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Zoning staff to define differences in wind turbines  

The Allegany County Planning and Zoning Commission on Monday authorized county staff to draft definitions and discuss the differences between industrial and residential wind turbines.

But Frostburg resident Rick Lashbaugh doesn’t think local government has gone far enough. With the Maryland Public Service Commission’s new fast-track method for industrial wind energy facilities, Lashbaugh told the board during the work session to “grab the bull by the horns.”

“They need to point to someone and say, ‘build wind turbines,'” said Lashbaugh, who owns property atop Dan’s Mountain, northeast of Dan’s Rock.

Lashbaugh said he doesn’t own enough land to benefit from companies like Pennsylvania-based US Wind Force LLC, which are paying other property owners an annual sum to development rights. But he said he’s watched government officials on all levels beat around the bush long enough and he’s “sick and tired.”

The environmental impact studies of snakes, bats and birds, among other creatures, Lashbaugh said, have been completed. To the best of his knowledge, he said, “everything came out fine.”

He said the looming energy crisis should be enough to get the Planning Commission “off your butts and do something. People have failed to take action.”

Lashbaugh said he’s “willing to live in the middle” of a wind farm and he doesn’t care if one is placed in his front yard.

Frederick Loar, of Loartown, owns enough property near Lashbaugh’s to benefit from US Wind Force. Loar, a retired farmer, has been receiving rights money for several years. The amount will increase once wind turbines are constructed.

Loar told the commission, in response to recent discussion about whether wind companies should be bonded, that his contract with US Wind Force declares a wind turbine unused for 24 months is “abandoned.” And if abandoned, that wind turbine must be removed within 90 days and the land returned to its original state or the company forfeits a $5,000 bond.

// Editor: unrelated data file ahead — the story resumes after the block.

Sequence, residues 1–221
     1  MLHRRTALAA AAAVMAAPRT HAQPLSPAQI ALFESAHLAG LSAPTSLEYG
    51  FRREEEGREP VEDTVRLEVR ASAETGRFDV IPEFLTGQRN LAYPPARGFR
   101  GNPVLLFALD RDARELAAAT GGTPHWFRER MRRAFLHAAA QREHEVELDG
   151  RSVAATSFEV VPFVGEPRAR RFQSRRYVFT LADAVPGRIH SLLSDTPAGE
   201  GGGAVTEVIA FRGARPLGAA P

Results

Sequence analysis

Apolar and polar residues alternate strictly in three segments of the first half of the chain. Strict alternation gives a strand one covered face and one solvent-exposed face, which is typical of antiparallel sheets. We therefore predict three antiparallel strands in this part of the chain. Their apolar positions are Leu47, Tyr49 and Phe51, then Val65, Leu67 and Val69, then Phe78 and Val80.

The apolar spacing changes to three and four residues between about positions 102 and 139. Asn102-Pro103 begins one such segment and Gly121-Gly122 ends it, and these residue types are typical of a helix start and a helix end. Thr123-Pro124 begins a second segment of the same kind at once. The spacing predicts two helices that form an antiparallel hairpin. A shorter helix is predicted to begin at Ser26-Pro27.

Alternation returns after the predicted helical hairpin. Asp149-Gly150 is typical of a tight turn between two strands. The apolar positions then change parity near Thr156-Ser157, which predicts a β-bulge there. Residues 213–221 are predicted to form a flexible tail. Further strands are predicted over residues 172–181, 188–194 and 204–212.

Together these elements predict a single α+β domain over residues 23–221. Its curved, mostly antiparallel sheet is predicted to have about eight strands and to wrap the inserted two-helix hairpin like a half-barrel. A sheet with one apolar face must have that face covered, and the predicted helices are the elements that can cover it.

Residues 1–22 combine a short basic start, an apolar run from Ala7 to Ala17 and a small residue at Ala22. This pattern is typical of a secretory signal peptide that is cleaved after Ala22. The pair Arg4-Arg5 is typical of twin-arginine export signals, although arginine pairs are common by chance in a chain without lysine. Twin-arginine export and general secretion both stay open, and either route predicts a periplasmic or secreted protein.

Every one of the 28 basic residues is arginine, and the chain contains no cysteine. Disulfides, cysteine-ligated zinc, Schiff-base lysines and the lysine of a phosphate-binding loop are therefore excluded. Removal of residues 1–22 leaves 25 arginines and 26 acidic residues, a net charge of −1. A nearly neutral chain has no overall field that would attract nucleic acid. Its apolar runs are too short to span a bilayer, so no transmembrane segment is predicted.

But commission member Charles Norris asked whether that was enough to ensure removal.

“I don’t think that’s even close,” said Norris, adding that it would be too easy for a company to forfeit the $5,000 and “walk, and say ‘you take care of it.'”

Commission member Bill Duvall said $5,000 wouldn’t be enough to cover the cost of renting of a crane necessary to dismantle the tower.

The commission authorized staff to develop draft language for industrial or commercial wind energy systems. The board also directed staff to distinguish residential turbines and suggest maximum height requirements – likely 30 feet – and minimum buffer zones, possibly between 1.5 and 2.5 times the height of a turbine as measured from bottom to the top of the tallest propeller.

Phil Hager, county planning coordinator, said current county code also lacks a formal public hearing process. Language could be drafted to include a special exception for residential turbines. Jim Squires, county permits, suggested to Hager before the meeting that residents have the ability of obtaining a waiver if all nearby neighbors within a specified distance approve of the residential turbine in writing.

Board members also endorsed the joint Cumberland/Allegany County planning initiative for the Willowbrook/Messick/Williams roads corridor. Hager said the city, with an eye toward future annexation, would take the lead on planning and provide staffing and financial assistance.

Kevin Spradlin

Cumberland Times-News

8 July 2008

This article is the work of the source indicated. Any opinions expressed in it are not necessarily those of National Wind Watch.

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